ON THE MISCONCEPTION OF OEDIPUS - Malthouse
The Oedipus myth fully interrogated by artists at the top of their game. Kudos Zoe Atkinson, Matthew Lutton and Tom Wright

POMPEII, L.A. - Malthouse
Declan Greene and Matthew Lutton combine their considerable talents into a searing depiction of celebrity and tragedy and rising stars being destroyed in front of our eyes.

PALE BLUE DOT - Optic Nerve
Optic Nerve’s collage of stories about space, time and space-time which hit many of my favourite subjects and combined them into a piece of theatre that I won’t soon forget.

SONS & MOTHERS - No Strings Attached, Adelaide Fringe Festival
Sometimes theatre-makers try every piece of artiface at their disposal to move people. No Strings Attached, an ensemble of disabled actors, tell simple stories of their lives and their mothers and there was not a dry eye in the house.

SUMMER OF THE SEVENTEENTH DOLL - Belvoir, Melbourne Theatre Company
This classic of the Australian stage is returned, in top form, from a production that began at Belvoir in Sydney and returned to the play’s spiritual home at the Melbourne Theatre Company. An incredible experience.

TOP GIRLS - Melbourne Theatre Company
A classic of modern theatre, this thirtieth anniversary production directed by Jenny Kemp was sharp and pointed and poignant; this ensemble of actors rivalled any I saw in any show this year or ever.


THE RUNNERS UP 

ANGELA’S KITCHEN - Griffin, Malthouse
Paul Capsis’ mesmirising ode to his grandmother, her kitchen and the family she raised.


THE BLUE ROOM - 5 Pound
Jason Cavanagh’s beautiful production allowed actors Zak Zavod and Kaitlyn Clare to shine in the darkness.

EVERYNIGHT, EVERYNIGHT - Frank Theatre
A haunting, heavy production of Ray Mooney’s important prison drama by new company, Frank Theatre.

THE GOAT (OR, WHO IS SYLVIA?) - 5 Pound
Edward Albee’s black comedy made seriously voyeuristic by Christine Husband in the Collingwood Underground Carpark. (I didn’t see the transfer to the Owl and Pussycat.)

THE SEIZURE - The Hayloft Project
The Hayloft Project continue to bring sharp, intelligent theatrical reimaginings of classic texts to the independant Melbourne stage.

THE TEMPTATION OF ST ANTHONY - Four Larks
Four Larks had a mainstage show at the Malthouse this year, but it was this return to their junkyard opera roots that really shone.

TRIBES - Melbourne Theatre Company
Julian Meyrick’s stunning production of Nina Raine’s new work about inter-family communication and an interloper.

UTA UBER KOOL JA - Adelaide Fringe Festival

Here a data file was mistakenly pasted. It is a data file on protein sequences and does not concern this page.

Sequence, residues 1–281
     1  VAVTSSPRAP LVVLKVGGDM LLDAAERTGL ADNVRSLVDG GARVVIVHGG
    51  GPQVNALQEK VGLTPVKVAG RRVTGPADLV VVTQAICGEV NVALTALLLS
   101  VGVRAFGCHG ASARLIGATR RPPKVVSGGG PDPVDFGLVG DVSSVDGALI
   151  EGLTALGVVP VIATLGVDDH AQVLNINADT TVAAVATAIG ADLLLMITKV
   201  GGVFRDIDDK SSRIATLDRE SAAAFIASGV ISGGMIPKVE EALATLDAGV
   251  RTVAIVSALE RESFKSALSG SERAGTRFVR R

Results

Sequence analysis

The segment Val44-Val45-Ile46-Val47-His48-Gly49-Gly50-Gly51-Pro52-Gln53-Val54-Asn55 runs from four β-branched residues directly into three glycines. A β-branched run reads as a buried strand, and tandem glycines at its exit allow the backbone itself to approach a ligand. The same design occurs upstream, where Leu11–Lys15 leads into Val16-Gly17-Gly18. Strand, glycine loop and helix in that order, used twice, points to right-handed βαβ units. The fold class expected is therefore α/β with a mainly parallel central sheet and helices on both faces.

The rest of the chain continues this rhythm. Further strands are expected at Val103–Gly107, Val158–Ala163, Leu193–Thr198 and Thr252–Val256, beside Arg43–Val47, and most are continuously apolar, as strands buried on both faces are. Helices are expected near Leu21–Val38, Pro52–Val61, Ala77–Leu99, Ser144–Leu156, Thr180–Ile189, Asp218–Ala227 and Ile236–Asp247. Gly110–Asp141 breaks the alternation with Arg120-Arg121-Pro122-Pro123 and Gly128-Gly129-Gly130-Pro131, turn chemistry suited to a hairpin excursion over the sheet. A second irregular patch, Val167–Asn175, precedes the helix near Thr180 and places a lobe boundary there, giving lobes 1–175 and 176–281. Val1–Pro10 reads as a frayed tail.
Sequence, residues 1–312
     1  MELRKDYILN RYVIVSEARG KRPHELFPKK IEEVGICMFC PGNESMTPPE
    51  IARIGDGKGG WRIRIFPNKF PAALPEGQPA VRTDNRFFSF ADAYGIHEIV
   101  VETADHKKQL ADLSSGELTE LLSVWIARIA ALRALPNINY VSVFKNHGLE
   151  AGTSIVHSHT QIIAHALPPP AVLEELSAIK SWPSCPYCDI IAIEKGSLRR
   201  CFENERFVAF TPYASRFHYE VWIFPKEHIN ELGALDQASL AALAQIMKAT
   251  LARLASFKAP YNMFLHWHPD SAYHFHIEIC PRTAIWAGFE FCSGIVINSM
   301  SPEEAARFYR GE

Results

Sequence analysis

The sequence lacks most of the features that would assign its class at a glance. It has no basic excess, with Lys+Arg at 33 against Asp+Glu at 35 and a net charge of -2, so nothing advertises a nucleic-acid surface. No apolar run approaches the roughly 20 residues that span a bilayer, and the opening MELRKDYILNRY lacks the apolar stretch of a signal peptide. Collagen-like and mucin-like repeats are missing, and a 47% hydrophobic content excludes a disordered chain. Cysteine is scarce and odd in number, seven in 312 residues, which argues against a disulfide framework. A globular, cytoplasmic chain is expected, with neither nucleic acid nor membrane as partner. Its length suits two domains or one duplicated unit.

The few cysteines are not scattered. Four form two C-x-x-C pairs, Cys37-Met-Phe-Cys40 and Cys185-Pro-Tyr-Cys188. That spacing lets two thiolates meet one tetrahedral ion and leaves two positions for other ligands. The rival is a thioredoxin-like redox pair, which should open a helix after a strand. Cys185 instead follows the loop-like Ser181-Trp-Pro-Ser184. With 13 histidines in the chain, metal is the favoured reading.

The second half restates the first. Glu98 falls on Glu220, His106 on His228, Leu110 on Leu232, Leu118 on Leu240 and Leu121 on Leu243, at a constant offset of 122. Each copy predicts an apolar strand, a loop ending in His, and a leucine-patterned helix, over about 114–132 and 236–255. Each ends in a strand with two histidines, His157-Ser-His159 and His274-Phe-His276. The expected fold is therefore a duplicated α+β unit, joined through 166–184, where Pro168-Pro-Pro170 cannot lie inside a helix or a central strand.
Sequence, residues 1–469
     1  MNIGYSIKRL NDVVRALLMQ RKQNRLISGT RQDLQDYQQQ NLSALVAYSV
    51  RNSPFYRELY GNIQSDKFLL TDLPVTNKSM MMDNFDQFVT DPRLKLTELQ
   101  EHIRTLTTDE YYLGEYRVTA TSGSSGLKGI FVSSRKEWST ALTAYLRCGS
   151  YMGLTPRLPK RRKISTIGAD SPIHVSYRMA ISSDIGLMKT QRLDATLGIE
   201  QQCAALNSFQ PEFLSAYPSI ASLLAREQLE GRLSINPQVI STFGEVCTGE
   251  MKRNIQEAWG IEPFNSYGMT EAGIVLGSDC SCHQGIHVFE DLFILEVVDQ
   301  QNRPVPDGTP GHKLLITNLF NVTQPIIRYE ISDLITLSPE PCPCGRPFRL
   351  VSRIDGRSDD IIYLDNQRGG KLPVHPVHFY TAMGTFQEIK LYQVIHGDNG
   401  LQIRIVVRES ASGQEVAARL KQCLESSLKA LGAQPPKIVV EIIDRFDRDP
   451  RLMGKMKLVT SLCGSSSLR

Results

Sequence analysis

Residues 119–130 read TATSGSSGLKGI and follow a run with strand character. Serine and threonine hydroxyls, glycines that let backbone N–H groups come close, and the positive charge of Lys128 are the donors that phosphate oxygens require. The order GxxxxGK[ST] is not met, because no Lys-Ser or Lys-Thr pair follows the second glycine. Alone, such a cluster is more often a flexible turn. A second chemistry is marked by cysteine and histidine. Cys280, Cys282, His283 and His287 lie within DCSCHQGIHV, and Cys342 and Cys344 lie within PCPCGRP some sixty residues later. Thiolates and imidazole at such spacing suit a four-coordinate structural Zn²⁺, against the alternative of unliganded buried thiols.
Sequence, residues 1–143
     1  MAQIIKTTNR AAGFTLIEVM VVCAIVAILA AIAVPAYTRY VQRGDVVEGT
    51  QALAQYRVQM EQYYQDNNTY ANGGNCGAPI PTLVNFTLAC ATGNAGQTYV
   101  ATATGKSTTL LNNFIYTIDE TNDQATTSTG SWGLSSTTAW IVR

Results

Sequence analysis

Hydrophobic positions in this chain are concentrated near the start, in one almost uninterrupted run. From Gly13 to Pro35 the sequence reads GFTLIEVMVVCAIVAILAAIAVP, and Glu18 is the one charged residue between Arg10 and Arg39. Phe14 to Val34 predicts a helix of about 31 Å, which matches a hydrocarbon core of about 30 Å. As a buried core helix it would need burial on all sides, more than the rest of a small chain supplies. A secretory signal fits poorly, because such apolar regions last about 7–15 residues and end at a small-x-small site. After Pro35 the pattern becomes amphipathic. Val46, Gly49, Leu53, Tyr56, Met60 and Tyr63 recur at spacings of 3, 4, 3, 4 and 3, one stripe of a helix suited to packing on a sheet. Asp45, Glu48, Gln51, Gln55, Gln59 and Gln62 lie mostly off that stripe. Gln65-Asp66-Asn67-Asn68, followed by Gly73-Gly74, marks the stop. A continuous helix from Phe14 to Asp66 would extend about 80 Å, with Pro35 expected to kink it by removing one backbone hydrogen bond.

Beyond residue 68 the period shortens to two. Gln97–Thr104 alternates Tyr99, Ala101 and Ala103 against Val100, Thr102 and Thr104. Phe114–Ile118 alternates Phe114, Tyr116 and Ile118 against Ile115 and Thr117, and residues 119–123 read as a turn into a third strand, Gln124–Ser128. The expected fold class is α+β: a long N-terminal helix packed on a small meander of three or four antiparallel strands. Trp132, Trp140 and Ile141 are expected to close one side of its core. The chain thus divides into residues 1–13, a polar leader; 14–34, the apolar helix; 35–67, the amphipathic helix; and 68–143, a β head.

This hilarious and ultimately moving site-specific work was another highlight of the Adelaide Fringe Festival. Find Uta in a hotel room near you.

THE WILD DUCK - Belvoir, Malthouse
Simon Stone beautifully rewrites Ibsen’s classic work for a modern audience and a modern sensibility. The debate about re-writing classics will go on forever, but in the plus column is haunting productions like this.

THE WELL - La Mama
Robert Reid’s devised work with an acting company plucked from the Monash Student Theatre told the story of the end of the world in a way that was beautiful, haunting, hilarious and visually stunning – often all at the same time.


THE HONOURABLE MENTIONS

THE BOOK OF MORMON - Broadway
An hilarious, crass musical satire.


CHOIR GIRL - Attic Erratic, Melbourne Fringe Festival
A beautifully designed, wonderfully written cabaret experience.

5 POUNDS OF REPERTORY THEATRE - 5 Pound
I couldn’t go past mentioning this extraordinary achievement by 5 Pound theatre – 5 actors, 5 directors, 5 plays, 5 weeks. I missed one of the plays, but I supported this one all the way – and Melbourne audiences seemed to embrace this amazing ensemble of theatre-makers.

A FUNNY THING HAPPENED ON THE WAY TO THE FORUM - Her Majesty's Theatre
Sondheim at his most farcical under the clear direction of Simon Phillips and starring Geoffrey Rush and a whole host of great comic actors and musical theatre stars.

PETER AND THE STARCATCHER - Broadway
A visually inventive and smart retelling of the Peter Pan story.

RHONDA IS IN THERAPY - Hoy Polloy, 45 Downstairs
Bridgette Burton’s play is smart and funny and very insightful look at a woman dealing with the loss of a child.

THE UNSPOKEN WORD IS “JOE” - MKA, La Mama
As described in the press release, this is Zoe Dawson’s “really good” play about the reading of a really good play. Really.

*

And that, as they say, is that. Some amazing theatre in all the places I visited this year.